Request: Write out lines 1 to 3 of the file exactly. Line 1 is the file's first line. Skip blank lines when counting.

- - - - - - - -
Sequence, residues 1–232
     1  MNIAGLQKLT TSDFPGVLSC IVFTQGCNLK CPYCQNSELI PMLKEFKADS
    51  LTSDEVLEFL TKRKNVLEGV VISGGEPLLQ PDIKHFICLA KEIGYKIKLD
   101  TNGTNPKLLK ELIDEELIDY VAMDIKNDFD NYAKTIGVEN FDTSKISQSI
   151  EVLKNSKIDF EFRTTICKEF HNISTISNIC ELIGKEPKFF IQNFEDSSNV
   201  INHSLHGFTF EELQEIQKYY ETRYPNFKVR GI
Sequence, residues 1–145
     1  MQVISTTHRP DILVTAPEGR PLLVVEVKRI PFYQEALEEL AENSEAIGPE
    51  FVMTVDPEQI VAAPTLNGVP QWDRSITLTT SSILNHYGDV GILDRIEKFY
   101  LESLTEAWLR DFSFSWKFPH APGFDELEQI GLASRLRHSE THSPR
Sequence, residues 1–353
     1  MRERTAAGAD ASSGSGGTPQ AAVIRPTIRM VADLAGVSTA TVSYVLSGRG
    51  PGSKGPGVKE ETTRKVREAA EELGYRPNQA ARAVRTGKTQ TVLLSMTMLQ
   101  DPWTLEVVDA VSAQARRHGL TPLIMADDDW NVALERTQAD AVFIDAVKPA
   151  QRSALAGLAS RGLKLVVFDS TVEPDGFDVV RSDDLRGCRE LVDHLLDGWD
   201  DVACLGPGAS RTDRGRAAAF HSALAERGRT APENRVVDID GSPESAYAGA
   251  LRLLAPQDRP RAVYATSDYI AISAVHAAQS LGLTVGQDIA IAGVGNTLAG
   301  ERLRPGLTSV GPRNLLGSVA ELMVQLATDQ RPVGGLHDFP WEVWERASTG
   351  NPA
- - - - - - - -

Sequence, residues 1–232
     1  MNIAGLQKLT TSDFPGVLSC IVFTQGCNLK CPYCQNSELI PMLKEFKADS
    51  LTSDEVLEFL TKRKNVLEGV VISGGEPLLQ PDIKHFICLA KEIGYKIKLD